Skip to main content

The place of intelligence in evolution

Without maybe realising, we think about intelligence as being the ability to perform changes to one's environment. We know dolphins have relatively sophisticated communication, and we refer to them as intelligent. However, they are excellent in their given aquatic environment without trying to change it, or colonise other places (land, air, space; yes, it sounds silly).

This distinction is important because changing one's environment has an impact on the selection pressures themselves, and hence natural selection and evolution. How could inability to breathe underwater be selected against if someone has an oxygen tank to breathe out of? How could inability to find a suitable nesting spot be selected against if a bird can build its own nest? The more a natural environment is manipulated into an artificial environment by organisms, the less its evolution is left to chance, as inheritance shifts from strictly molecular level and DNA, to other levels (cognition, artificial storage and memory, learning). Essentially, natural selection acting on a genetic level (reproduction, genes passed on) interplays with artificial forms of selection which act on the other levels of inheritance.

In a sense, it is possible to use alternative methods of inheritance such as learning, to control an unlimited number of people's minds. Genetic make-up is no longer enough to guarantee certain advantageous traits in an artificial environment. Children are born without knowing a certain language. It takes only 1 Albert Einstein to spread insightful ideas to countless others, countless other who may use that knowledge to one day change the universe. The likelihood of that happening due to a certain group of people at any given point in time is a lot higher than it happening due to Einstein's imaginary children.


Popular posts from this blog

By-products of Evolution - why not everything has a purpose

Last time we looked at how certain major adaptations such as hair loss have enabled humans to survive over the millennia in different conditions, and when faced with competition from other species. Not everything about the human body has a specific purpose, though, in the sense that we expect it to. One example of such thing is the philtrum - that little channel leading from the base of your nose to the upper lip. Recent research suggests that this development dates back millions of years, and has been inherited from fish. Apparently, when human embryos develop their face in the womb, all parts of the forehead, mouth, etc come together and fuse where the philtrum is located.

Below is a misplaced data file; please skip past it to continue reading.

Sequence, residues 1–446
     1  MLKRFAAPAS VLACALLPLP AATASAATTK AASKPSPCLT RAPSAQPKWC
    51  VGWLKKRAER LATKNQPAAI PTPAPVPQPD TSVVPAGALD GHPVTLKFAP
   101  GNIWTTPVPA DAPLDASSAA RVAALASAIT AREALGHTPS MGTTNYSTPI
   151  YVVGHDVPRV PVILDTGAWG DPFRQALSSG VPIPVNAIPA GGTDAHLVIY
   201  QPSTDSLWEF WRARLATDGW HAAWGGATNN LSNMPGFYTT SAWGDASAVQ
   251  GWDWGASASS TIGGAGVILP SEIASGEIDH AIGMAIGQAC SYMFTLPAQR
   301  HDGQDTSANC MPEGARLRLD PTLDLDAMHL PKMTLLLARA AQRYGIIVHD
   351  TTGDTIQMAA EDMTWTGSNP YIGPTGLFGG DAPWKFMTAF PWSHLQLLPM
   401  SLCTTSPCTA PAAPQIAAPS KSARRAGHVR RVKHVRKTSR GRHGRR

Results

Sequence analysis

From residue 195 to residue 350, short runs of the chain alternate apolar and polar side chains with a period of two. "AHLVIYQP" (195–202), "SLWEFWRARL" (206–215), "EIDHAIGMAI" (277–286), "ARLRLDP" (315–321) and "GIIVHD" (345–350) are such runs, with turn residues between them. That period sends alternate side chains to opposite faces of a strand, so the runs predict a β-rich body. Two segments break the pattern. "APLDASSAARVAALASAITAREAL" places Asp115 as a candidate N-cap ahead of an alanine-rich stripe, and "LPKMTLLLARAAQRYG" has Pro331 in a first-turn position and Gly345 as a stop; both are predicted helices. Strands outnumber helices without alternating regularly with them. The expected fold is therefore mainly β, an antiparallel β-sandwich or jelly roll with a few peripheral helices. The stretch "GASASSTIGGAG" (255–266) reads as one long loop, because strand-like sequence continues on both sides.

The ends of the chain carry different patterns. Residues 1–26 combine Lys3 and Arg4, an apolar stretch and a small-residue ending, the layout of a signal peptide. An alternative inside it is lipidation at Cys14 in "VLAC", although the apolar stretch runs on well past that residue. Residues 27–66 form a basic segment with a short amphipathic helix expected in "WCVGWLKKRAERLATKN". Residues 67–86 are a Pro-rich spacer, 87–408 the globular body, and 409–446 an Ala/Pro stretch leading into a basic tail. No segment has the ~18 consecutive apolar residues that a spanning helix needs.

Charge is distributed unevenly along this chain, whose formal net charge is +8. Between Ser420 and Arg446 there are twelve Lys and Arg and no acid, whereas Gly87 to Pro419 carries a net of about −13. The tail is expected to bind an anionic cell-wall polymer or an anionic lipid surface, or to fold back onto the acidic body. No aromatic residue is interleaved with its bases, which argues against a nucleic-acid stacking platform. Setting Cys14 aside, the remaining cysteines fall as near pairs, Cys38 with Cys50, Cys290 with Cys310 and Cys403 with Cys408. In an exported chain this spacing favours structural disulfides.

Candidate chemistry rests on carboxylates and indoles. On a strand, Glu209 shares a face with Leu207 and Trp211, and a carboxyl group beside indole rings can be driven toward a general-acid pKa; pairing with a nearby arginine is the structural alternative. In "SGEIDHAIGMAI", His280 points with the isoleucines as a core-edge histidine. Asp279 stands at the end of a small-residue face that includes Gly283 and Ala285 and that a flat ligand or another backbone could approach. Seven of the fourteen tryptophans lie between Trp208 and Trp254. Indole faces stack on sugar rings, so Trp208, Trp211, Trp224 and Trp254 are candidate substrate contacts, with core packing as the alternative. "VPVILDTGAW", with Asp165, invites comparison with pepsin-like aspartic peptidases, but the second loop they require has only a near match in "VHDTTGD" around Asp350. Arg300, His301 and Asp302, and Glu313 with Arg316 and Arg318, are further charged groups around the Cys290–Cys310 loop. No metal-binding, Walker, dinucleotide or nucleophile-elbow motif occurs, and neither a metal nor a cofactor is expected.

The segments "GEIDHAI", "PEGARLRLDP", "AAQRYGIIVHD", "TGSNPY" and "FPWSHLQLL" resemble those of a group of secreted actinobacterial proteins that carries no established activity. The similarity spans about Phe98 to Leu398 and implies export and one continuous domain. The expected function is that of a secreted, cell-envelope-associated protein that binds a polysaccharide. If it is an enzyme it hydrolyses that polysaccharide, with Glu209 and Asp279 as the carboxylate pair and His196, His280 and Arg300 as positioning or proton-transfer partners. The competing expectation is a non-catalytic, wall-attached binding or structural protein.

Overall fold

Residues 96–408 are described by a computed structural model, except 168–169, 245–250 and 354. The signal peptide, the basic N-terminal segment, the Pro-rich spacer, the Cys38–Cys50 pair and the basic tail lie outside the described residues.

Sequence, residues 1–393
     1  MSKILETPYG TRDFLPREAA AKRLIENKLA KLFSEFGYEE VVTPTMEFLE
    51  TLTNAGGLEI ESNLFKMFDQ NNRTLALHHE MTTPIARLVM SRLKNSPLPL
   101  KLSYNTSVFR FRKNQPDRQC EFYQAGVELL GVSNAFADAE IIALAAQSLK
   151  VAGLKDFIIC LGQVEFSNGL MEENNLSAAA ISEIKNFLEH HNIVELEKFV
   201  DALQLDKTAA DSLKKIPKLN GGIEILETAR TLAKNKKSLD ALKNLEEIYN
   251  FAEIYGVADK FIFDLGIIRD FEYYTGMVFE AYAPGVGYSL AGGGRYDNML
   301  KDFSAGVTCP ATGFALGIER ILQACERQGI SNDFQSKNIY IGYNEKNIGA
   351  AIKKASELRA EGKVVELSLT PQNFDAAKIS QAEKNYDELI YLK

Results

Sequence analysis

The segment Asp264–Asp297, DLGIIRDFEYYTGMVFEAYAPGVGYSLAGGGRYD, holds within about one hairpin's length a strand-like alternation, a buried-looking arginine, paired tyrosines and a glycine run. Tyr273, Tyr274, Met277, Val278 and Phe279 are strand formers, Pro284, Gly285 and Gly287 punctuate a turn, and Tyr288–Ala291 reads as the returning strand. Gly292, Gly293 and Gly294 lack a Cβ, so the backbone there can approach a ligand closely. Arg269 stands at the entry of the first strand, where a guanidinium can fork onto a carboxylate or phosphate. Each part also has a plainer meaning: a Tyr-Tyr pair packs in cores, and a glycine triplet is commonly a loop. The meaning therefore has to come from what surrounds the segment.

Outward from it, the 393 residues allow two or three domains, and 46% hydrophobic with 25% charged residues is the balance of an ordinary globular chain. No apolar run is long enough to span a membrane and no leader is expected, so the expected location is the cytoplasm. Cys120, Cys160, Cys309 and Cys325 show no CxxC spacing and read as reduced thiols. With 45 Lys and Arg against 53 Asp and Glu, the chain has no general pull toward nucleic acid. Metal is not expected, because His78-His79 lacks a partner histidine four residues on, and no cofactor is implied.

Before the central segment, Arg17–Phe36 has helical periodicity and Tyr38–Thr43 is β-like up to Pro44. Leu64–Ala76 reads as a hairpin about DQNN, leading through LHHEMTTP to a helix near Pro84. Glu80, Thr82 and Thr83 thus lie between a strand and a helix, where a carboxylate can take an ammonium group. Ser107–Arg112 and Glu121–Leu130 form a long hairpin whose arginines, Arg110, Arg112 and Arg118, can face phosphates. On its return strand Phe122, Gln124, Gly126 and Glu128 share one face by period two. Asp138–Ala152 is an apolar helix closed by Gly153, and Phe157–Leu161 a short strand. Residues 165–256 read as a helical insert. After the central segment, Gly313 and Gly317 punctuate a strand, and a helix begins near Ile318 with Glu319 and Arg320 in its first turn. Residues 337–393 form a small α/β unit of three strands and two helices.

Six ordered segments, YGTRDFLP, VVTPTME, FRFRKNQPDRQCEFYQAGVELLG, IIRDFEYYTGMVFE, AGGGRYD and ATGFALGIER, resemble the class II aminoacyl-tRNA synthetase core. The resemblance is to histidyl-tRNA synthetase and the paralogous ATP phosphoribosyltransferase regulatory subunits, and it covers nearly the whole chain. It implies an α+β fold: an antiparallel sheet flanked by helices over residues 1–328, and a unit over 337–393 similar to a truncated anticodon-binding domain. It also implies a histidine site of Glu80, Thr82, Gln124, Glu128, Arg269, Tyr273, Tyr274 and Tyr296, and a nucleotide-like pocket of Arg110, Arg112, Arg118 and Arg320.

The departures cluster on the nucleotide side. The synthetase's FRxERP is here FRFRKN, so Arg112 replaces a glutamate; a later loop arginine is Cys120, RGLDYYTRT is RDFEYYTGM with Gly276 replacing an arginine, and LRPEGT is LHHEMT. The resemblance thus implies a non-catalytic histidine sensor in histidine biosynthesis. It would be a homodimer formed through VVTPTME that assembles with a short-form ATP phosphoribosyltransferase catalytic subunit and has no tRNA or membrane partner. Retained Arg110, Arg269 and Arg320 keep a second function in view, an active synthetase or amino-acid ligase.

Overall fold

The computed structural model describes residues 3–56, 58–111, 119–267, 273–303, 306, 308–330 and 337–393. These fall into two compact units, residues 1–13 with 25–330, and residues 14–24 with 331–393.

Some adaptations, on the other hand, are no longer relevant not because of their nature, but because the environmental selection pressure for which they evolved has disappeared. For example, an East Asian's typical eyelid shape evolved as a result of higher light intensities in that area of the world, yet the …

The evolution of the human body

In order to be able to look at ourselves in the mirror and be able to answer the question "Why do I look like this?", we must look back to our ancestry and their lifestyle, over a very long period of time. For the purpose of this analysis, let's look at the human versus the neanderthal. Recently there have been found neanderthal genes within the human gene pool, but the two species are different enough to compare, yet not too different (human versus fly would be too different).

As you can see, the construction of the human pelvis and toes is different, and the human has less hair. This results in humans being able to run easily for long distances, in the detriment of short-distance running which we are worse at. We sweat better, so we can do more long-term effort. This feat is essential to better settlements, as we can discover a larger area with potentially better resources. It might seem counterproductive to not be able to run quickly for a short period, when it comes …

4 Reasons Google's Calico Won't "Solve Death"

The on-line world has been taken ablaze by Calico's bid to end ageing, and thus death itself, but is this what they will actually focus on, and will they achieve it?

The fact is ageing will be reversed, and death by "natural causes" will go with it. The questions are "When?" and "By whom?".

Until recently, not a lot was known about the approach Calico would take in this venture dubbed "moonshot thinking" - a term touted by Google as the source of all considerable human progress throughout history. This we don't doubt, but is this what Calico is all about?

CNN's Dan Primack has revealed details about Calico's plan, which hint at a less-than-moonshot thinking approach, and cast a serious question mark on its ability to deliver the punchy TIME headline. Here is why:

1. The man with the idea, Bill Maris, arrived at the conclusion that the root of all death-causing disease is simply ageing itself. Not only is this widely known in the ant…